Search
  • Timothy Bragg

Living Bread

Written by: Arlene Baker


Ach, Mein Gott. Heinrich is gone. What can I do now? I have a baby feed. Alone on the farm. All is lost. All. Hilda’s hands fisted, against her will. Mustn’t in the house of God. But, how, how will we survive?


Hilda had cycled to a larger church many kilometers from her home. Perhaps God would hear her better there. Recognize her plight. She smoothed her worn ankle-length skirt, thankful it did not tear in the spokes – or worse – throw her. How careful she had pushed the pedals, first right, then left, concentrating. A frown crossed her face. Someone had stolen the netting that prevented such accidents.


Candles flickered across saints’ faces. Hilda paused to study each. Could they really understand? She knew the stories of many – stories that inspired her in her own struggles. Circumstances that won them canonization after their deaths.


I have no time to think of the afterlife. She sighed. My problems are here. Now. If only …


She swallowed a sob. Heinrich had been forced into Hitler’s service. His dexterity landed him in Special Forces and the eastern front. She pulled an edge of her babushka over trembling lips. How she had wept and prayed as she watched him disappear on the horizon, back straight and stiff in his nappy uniform. She only wanted her beloved husband home, tending the farm and loving their newborn together.


She rose to leave. After touching the holy water to her lips, she tucked her baby in the bike’s front basket and mounted it for the long journey home. Her breath quickened as she approached the small concentration camp on the outskirts of her small village, filled with political foes of der Fϋhrer.


“Brot, bitte.” The hapless men stretched bony hands toward her as she passed. She swallowed a gasp at their sunken cheeks and pedaled faster. I’m sorry, her heart cried. I cannot help. I would be shot. I must live for my baby. For Heinrich. He will return. I know he will.


She turned into her lane with a mournful sigh. They suffer so, God. We are all suffering. Misery enveloped her like a mist-soaked blanket. She pulled her weary body up the few stone steps into her cottage. I hate this war. I hate… She halted with a shudder.


I cannot even think such thoughts. Too dangerous.


You must forgive all your enemies.


Hilda jumped. Who said that?. She dashed back to the door, threw it open and looked around. Nobody. She shook her head as she pulled an apron from a nearby peg. Time to make bread.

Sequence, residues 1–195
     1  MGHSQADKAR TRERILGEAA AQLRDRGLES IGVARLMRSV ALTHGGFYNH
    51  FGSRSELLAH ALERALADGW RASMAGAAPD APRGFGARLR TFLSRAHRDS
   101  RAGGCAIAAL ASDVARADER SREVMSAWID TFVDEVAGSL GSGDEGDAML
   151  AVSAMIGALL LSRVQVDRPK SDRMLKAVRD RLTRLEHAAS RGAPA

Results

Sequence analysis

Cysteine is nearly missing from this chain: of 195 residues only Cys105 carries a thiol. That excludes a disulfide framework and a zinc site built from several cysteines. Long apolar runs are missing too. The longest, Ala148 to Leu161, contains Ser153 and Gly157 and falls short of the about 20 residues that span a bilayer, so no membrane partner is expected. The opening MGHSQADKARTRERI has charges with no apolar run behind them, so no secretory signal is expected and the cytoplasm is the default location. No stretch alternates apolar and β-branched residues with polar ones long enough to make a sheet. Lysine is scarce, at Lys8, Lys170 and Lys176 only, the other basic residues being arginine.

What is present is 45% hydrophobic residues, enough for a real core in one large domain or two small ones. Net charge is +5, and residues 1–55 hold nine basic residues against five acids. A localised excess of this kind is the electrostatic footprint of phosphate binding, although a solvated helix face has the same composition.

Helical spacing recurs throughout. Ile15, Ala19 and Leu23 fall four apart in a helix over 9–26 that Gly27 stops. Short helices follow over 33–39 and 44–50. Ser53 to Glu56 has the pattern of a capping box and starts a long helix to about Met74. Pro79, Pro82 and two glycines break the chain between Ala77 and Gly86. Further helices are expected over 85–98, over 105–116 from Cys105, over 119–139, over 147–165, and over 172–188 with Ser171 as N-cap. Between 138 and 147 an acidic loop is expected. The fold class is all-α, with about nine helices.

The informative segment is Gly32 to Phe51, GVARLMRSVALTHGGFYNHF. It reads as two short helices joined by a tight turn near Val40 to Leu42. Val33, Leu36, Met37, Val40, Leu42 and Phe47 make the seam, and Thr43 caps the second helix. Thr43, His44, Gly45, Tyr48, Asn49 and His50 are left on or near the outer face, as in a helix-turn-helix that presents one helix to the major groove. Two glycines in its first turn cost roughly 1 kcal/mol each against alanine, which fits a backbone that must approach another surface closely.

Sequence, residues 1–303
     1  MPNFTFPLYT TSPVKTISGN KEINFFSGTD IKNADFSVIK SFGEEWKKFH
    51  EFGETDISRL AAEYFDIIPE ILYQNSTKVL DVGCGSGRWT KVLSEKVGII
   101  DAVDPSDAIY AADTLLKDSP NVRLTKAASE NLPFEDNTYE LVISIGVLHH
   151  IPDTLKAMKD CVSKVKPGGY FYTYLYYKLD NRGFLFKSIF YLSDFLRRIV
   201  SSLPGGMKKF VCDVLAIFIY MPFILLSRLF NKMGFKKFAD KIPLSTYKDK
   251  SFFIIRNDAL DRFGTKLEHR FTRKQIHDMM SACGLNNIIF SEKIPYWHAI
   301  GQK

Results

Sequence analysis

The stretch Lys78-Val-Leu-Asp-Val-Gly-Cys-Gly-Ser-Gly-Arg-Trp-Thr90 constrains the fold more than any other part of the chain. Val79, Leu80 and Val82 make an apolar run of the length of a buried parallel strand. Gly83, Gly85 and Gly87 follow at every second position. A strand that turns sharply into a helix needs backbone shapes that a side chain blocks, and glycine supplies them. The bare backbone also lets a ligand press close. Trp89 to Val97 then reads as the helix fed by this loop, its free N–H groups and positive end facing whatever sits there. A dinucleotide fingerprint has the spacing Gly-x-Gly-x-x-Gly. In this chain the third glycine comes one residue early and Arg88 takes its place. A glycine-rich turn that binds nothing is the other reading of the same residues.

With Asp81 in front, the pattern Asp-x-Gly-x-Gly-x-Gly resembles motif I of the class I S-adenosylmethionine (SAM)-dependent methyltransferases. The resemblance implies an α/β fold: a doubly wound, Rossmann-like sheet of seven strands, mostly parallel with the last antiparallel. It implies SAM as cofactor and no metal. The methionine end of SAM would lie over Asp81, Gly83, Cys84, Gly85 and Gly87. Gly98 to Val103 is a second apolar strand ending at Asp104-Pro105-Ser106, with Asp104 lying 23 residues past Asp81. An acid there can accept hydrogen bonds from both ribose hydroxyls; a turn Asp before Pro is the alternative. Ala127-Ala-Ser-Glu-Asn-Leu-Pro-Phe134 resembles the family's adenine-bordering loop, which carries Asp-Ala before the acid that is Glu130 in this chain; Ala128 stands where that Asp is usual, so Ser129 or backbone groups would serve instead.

Later, as she kneaded the dough, her motions grew more aggressive. Should be the best bread, as hard as I’m working it. She gathered the dough into a large ball and placed it in a greased bowl, then carried it to a sunny window.


Heinrich. A single tear slid down one cheek. How I wish I could give you this bread. She thought of the hapless prisoners. Late that night while her baby slept, Hilda slipped out thanking God for the moonless night. As she approached the fence, a prisoner lifted a finger to his lips. She nodded before pushing the rolls through the wire, one at a time. When the last had disappeared into the man’s worn coat, she whispered a single word. “Tomorrow.”


Daily, she baked bread rolls, prayed for Heinrich’s safety and fed prisoners. Monthly, she pedaled to the church with her baby.


It is so unfair! Hitler is a beast. She bowed her head low just in case a spy could read her thoughts. He has stolen my husband. For what? To rule the world? Daily, supplies grew scarcer and scarcer. How much longer could she share with those poor prisoners? How long could she feed her baby? Herself? He’s a beast she repeated in her heart.


Everyone knew the dreaded Soviets were coming. Nothing could stop them with their inexhaustible supply of manpower. Hilda began to tremble.


They are brutes. They will kill us all.


You must forgive. That voice again! Anger overcame Hilda’s shock.


I cannot. I will not.


You must.


Impossible. She crossed her arms to hug her body tightly. Suddenly, her eyes traveled to the image of Jesus with bared and pierced heart. Her cheeks reddened.


He died for those who abused him. How could he …


Love, Hilda. For you. For your enemies. All is conquered through pure love. All.

15 views0 comments

Recent Posts

See All

By: Arlene Angwin While George Galphin is not featured on the Savannah Holy Ghost Tour, he played a pivotal role in the life David George, a runaway slave who had found refuge with Native Americans. G

By Arlene Angwin James Oglethorpe was a mere 36 years of age when he took on the challenge of forming a new colony of Georgia – Named for King George II. The land, extending from South Carolina to Flo

By Arlene Angwin Oglethorpe scanned the shore of the New World. Soon, the Ann would dock in Charleston. Passengers pressed against the ship’s rail for their first glimpse of land in many weeks. Well p

 
Book Now